Panamanian officials conduct raids in Columbia grad's death probe

FBI agents teamed Tuesday with Panamanian investigators for a series of raids as they probed the mysterious death of a Columbia University graduate on a remote hiking trial.

There were still no autopsy results or an official cause of death for Catherine Johannet, 23, a globetrotting Scarsdale woman who was found dead Sunday afternoon in a wooded stretch of Bastimentos Island.

Johannet’s last Instagram post shows her smiling in Isla Ina, of the small islands off the eastern coast of Panama.

“I found paradise and it’s called Isla Ina,” she wrote, using the handle catastrophe93.

Missing Columbia graduate found dead on hiking trail in Panama

Panamanian officials have yet to indicate if foul play was involved, and provided no information about the raids or their targets. There was no word about any possible suspects or arrests.

At the Johannet house in Scarsdale, there was no answer at the door and no sign of anyone home. The dead woman’s brother said via Facebook that the family headed for Panama after Catherine disappeared last week. Relatives identified her body on Monday, according to the website

“These people are in pain,” the Johannets’ next-door neighbor told the Daily News. “We don’t want to discuss it.”

Relatives scheduled a memorial service for Saturday at 11 a.m. It will be held at the Scarsdale Congregational Church on Heathcote Road.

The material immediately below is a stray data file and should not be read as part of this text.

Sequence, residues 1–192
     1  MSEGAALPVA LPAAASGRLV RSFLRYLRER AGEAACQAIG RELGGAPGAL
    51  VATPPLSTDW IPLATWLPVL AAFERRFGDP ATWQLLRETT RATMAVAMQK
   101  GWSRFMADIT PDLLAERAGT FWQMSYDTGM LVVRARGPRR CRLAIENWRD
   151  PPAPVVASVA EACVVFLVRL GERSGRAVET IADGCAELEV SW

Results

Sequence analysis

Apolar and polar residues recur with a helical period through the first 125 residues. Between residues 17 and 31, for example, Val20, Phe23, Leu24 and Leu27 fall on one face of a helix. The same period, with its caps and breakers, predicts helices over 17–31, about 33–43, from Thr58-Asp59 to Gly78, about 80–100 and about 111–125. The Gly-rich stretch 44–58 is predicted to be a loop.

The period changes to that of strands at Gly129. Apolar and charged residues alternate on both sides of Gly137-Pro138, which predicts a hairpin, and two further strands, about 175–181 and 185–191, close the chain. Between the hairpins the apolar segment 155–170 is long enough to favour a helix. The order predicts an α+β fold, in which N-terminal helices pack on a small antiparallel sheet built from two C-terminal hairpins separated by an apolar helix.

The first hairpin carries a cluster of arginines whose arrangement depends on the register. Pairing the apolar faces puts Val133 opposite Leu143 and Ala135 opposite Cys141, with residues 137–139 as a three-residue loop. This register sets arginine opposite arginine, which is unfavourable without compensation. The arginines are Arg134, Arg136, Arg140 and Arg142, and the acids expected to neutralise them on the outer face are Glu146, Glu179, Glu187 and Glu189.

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Her old sister, Laura Johannet, offered warm remembrances of the young tourist, a Westchester County native.

“My family is thinking of all our beautiful memories with our laughing, adventurous, warm little girl,” the sister posted on Facebook. “She was always there to listen to you and just enjoy life with her loved ones.

Catherine Johannet was reported missing on Thursday after failing to appear at the hostel where she was staying. She was set to travel to a mountainous region on Bastimentos Island from nearby Colon Island, relatives said.

A police officer discovered the body at 2:11 p.m. Sunday in the woods near the beach on Bastimentos.

The U.S. Embassy confirmed Johannet’s death, but said little else about the tragedy.

“Out of respect for the family’s privacy at this difficult time, we have no further public comment,” said a statement. “We will continue to work closely with Panamanian government officials and provide all possible assistance to the grieving family.”

Johannet was planning a day trip to the tourist-friendly island renowned for its Caribbean beaches, hiking trails and wildlife.

Her brother Paul said Catherine, a 2011 graduate of Edgemont High School, had visited six continents and spent 16 months teaching English literature to students in Vietnam.

Johannet finished that teaching stint in October. She graduated from Columbia in 2015.

“She was cheerful, adventurous, thoughtful and warm — all qualities I strive towards,” Paul Johannet wrote on Facebook.

President Juan Carlos Varela of Panama ordered a heavier police presence in the area where the young woman’s body was recovered.

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